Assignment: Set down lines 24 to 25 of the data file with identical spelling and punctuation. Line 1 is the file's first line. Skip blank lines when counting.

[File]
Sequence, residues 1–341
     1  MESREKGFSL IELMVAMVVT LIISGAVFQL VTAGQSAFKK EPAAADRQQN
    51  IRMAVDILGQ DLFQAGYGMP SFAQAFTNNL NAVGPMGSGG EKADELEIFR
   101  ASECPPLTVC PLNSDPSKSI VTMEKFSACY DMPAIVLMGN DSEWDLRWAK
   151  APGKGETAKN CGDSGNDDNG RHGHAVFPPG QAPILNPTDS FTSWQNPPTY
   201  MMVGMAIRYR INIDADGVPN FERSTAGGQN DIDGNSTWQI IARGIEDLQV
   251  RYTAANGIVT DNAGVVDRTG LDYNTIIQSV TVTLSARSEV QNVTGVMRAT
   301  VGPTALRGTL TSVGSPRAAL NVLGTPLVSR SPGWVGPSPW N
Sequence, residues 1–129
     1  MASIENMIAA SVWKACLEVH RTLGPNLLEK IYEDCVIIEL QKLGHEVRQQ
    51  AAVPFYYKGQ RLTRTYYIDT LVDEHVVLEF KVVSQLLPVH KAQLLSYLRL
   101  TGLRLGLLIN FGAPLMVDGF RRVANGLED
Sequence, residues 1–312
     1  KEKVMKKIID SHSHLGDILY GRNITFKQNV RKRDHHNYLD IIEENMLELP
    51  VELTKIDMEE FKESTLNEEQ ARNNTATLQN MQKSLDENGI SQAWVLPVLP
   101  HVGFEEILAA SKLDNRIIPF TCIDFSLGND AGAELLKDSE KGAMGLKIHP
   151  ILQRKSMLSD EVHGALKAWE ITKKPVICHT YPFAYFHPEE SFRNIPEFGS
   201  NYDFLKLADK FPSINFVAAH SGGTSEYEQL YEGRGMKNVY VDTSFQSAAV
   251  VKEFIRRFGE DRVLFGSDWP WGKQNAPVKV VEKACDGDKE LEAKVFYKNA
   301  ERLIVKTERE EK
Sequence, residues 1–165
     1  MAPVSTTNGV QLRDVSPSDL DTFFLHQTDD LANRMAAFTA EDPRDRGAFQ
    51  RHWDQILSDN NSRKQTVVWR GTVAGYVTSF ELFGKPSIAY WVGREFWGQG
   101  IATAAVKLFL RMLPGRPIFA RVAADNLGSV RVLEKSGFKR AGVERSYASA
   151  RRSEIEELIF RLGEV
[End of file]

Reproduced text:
   101  IATAAVKLFL RMLPGRPIFA RVAADNLGSV RVLEKSGFKR AGVERSYASA
   151  RRSEIEELIF RLGEV